Chances are you might be reading this blogpost on a device other than a laptop or desktop computer. I’d also wager that the device you’re using to read this post handles double-duty – that is, you use it for both work (e.g., checking email, reviewing confidential documents) and play (e.g., Vine, Flappy Bird, social media).
You’re not alone. Everywhere you turn, you’ll see someone using a smartphone or tablet to be productive – both on corporate and non-corporate networks, for example, a coffee shop’s guest network. For enterprise IT, this means that the scope of managing an “enterprise network” has really expanded beyond controlling user access to a company intranet to controlling user access to company data across the “extended network” – wherever and however employees choose to do that.
The increased risk due to a larger “attack surface”, fundamentally changes how you approach access control and security. Traditional Network Access Control (NAC) was technology that, while complex and complicated to deploy, worked well enough when enterprise IT controlled the intranet and the procurement of allowed devices.
However, as the Enterprise Mobility, a.k.a. Bring Your Own Device (BYOD), phenomenon accelerated to become the new corporate norm, traditional NAC wasn’t as effective anymore, due to technology that was overly complex to scale with an overarching need for multiple 802.1X supplicants that generally targeted on more “traditional” endpoints like Windows PCs. As a result, enterprises turned to mobile device management (MDM) platforms as a new way to secure just those mobile devices. These MDM solutions were definitely easier and less expensive to deploy and manage than NAC and offered a tangible security ROI.
Even today, many organizations continue to use MDM (and its successor, enterprise mobility management or “EMM”) as a bit of a security silo to secure and manage these devices. However, as is implied, this strategy has a couple of caveats:
- MDM/EMM can enforce device policies (e.g., PIN lock, encryption, whitelisted applications) but offers zero enforcement capabilities for actual network access policies – e.g., restricting corporate network access to financial databases or sales document repositories. The device may be secured, but network access is potentially wide open.
- Obtaining 100% full compliance with installing/configuring the MDM/EMM agent on endpoints is nigh impossible, since the MDM/EMM solution works in isolation from other security solutions. Thus, compliance relies heavily on end-user cooperation and participation, which makes it highly likely that non-compliant devices could gain access to the network. From there, who knows what might happen, if the device is compromised.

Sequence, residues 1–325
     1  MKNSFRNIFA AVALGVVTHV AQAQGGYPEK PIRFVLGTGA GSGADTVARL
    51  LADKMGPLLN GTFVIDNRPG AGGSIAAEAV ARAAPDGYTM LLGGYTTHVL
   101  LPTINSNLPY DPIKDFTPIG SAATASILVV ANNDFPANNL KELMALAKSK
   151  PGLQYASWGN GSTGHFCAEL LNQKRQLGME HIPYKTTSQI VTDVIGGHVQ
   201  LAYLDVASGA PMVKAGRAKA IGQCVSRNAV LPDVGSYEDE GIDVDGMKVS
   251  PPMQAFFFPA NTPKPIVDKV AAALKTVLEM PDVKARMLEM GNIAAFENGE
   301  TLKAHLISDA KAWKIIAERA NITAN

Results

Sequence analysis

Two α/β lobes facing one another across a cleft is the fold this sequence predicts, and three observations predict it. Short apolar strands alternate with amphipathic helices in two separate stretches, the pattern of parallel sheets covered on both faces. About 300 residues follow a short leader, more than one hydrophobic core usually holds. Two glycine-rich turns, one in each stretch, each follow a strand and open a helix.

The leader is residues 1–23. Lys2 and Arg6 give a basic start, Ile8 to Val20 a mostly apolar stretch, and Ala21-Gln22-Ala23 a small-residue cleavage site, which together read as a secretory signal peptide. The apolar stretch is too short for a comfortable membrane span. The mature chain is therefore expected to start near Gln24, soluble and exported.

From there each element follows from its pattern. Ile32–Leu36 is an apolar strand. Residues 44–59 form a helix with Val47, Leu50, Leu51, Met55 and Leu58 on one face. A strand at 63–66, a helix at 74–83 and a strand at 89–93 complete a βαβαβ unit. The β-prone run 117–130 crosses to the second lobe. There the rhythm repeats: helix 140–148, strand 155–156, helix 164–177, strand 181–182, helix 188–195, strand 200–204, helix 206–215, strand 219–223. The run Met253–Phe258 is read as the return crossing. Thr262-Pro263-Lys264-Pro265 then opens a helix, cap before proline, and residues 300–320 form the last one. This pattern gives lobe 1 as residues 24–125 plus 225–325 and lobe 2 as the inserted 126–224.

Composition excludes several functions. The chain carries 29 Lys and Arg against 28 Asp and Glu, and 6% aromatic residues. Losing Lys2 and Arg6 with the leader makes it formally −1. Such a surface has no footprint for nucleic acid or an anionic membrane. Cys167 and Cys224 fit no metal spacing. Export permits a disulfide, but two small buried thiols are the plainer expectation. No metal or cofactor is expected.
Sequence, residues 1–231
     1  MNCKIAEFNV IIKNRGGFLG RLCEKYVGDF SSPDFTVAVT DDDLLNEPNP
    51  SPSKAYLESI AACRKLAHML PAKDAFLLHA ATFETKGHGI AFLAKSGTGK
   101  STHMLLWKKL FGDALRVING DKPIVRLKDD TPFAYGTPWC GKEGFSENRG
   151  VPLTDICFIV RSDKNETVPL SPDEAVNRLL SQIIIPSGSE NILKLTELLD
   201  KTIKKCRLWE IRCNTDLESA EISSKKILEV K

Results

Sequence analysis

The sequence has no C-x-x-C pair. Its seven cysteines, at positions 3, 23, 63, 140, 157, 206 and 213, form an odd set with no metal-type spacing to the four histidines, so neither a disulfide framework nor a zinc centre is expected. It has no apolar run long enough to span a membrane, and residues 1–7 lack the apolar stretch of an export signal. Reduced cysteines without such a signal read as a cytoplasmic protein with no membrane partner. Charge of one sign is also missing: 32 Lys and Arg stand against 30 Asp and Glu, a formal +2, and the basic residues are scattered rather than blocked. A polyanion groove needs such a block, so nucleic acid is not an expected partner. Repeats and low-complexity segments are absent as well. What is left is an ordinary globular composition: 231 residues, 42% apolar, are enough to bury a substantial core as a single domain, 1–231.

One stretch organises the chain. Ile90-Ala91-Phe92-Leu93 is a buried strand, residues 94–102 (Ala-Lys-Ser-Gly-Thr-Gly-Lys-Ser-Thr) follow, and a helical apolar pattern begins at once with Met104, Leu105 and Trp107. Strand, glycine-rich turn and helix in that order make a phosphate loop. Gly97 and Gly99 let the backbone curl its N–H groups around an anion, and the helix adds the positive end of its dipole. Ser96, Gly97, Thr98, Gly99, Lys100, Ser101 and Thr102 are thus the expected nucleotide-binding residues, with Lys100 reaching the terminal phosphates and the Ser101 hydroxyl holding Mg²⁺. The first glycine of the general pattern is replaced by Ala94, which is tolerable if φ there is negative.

The net-net here is that enterprises that leveraged solely MDM/EMM to protect their devices and networks are potentially achieving only part of their security objectives.
Fortunately, network access control platforms have seen a renaissance in the past few years and have evolved substantially. In my last post, I highlighted a recent white paper that discussed how NAC is evolving away from simply basic access or admission control and transforming into a more sophisticated set of controls for endpoint visibility, access, and security – technology dubbed “EVAS” by some. Unlike its overly complex and complicated ancestor, the newest generation of NAC solutions (or EVAS) utilize advanced contextual data gleaned from a number of different sources – including EMM/MDM – in order to enforce granular, dynamic network access policies. In essence, these solutions leverage the network as a sensor in order to make proactive access control decisions e.g., applying different access policy depending on the device being used or the compliance state of the device; or enforcing access to prevent unauthorized lateral movement across a network) throughout the extended network – regardless of how authorized users or devices connect.
This evolution has transformed NAC from a limited security hindrance into a powerful business enabler for enterprises, with more advanced solutions going beyond simple access policy and integrating with other network and security solutions to share data and improve the efficacy of all solutions. For example, here at Cisco, when I attempt to access the network with my iPad, the Cisco Identity Services Engine (“ISE”) (our NAC/EVAS solution) sees my device’s attempt to connect. It checks the profile and posture of the tablet to ensure that it is compliant with our mobile device wireless access policy (i.e., with MDM/EMM software installed). If not, Cisco ISE, which is integrated with an EMM/MDM software solution, redirects me to install that software first in order to become compliant before I gain whatever access my particular level of authorization allows on the network. With this integration between the two solutions, my tablet is now secured with the MDM/EMM software, and my level of access to network resources is seamlessly controlled, down to the letter, courtesy of the NAC/EVAS solution. Caveats solved.
Ultimately, this is just the beginning. Enterprises have realized that the “new NAC” can serve as a viable centerpiece for not only securing access but also for integrating with existing and previously silo’ed security and productivity solutions – like EMM/MDM – that may already be deployed in the enterprise network.
At the end of the day, NAC sure isn’t what it used to be…but that’s, actually, a very good thing.
For an additional perspective on NAC, market trends, and solutions, I invite you to look at the newly-released 2014 Gartner Magic Quadrant for Network Access Control (NAC).
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